Post a reply

Avatar for osbornespain
May 3, 2020 9:40 AM CST
Name: John Osborne
West Sussex, United Kingdom (Zone 9a)
I have had this plant for about 3 months. It is(was?) doing very well in a shaded, humidified, temp controlled conservatory. I re potted it shortly after buying it, and it is growing strongly from the bottom . . loads of new leaves pushing up...but... the older original leaves on the end of their long stalks have lost their shine and have a powdery appearance. I can feel the "dust" under the affected leaves . . but I cannot see evidence of red spider mite which (I think) I am familiar with. Powdery mildew springs to mind but I'm not sure about that either. I have treated with the appropriate fungal spray, and I have also used neem oil with soap (not at the same time!)
Questions are should I cut off the "infected" leaves? Can the leaves be saved?
I wonder if the light in the conservatory was too bright - there is no direct sunlight but it can be very bright. I also wonder if it is mould of some type. I keep the humidity at about 70% but maybe I have been over misting as well!! I do have several fans in the conservatory so air is circulating well enough I think.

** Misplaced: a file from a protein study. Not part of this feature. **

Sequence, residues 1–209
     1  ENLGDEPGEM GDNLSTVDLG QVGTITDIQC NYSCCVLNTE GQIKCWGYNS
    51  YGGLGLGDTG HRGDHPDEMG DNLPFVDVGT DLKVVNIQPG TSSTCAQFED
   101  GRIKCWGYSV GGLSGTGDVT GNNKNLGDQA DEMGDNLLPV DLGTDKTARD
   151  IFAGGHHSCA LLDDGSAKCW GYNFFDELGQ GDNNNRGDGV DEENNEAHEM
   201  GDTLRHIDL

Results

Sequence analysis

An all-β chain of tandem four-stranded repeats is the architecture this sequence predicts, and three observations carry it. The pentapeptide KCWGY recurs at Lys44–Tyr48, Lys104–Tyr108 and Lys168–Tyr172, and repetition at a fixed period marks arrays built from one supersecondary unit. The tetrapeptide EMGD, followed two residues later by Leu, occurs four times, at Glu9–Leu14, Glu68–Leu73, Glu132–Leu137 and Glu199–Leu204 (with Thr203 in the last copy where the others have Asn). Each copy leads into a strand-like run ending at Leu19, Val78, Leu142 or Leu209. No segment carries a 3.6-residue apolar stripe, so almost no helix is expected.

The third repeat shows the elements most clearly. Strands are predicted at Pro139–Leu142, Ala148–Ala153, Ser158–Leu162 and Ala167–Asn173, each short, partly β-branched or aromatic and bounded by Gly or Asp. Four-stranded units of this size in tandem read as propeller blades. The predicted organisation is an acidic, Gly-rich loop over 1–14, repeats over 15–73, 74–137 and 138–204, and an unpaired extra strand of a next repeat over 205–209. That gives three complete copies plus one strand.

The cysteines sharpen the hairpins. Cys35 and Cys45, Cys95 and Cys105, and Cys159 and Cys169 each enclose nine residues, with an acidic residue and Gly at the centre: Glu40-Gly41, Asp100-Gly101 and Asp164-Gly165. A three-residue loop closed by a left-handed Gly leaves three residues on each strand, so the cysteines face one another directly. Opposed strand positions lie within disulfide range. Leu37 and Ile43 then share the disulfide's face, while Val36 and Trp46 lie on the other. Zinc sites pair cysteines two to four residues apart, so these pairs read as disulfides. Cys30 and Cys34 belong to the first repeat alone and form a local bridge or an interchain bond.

I attach a photo of one of the infected leaves..
Thumb of 2020-05-03/osbornespain/1490df
Image
May 3, 2020 9:49 AM CST
Name: Sally
central Maryland (Zone 7b)
Let's all play ukulele
Charter ATP Member Houseplants Keeper of Poultry Vegetable Grower Region: Maryland Composter
Native Plants and Wildflowers Organic Gardener Region: United States of America Cat Lover Birds Butterflies
seems like mites attack the young soft new leaves first.. Shrug!
Plant it and they will come.
Image
May 3, 2020 9:51 AM CST
Name: Will Creed
NYC
Prof. plant consultant & educator
The mottled appearance of the affected leaf and the "dust" under the leaves are clear indications of spider mites. Each tiny "dust" particle is a mite.

Treat the mites by mixing a solution of water and a squirt of liquid dish soap. Then, spray ALL leaf and stem surfaces until they are dripping wet. It is a very messy task, but unless you get complete coverage and make direct contact even with the ones you cannot see, the survivors will reproduce and the infestation will return.

Be sure to check all of your conservatory plants very carefully for spider mites. Crossing Fingers!
Will Creed
Horticultural Help, NYC
www.HorticulturalHelp.com
Contact me directly at wcreed@HorticulturalHelp.com
I now have a book available on indoor plant care
Only the members of the Members group may reply to this thread.
Member Login:

( No account? Join now! )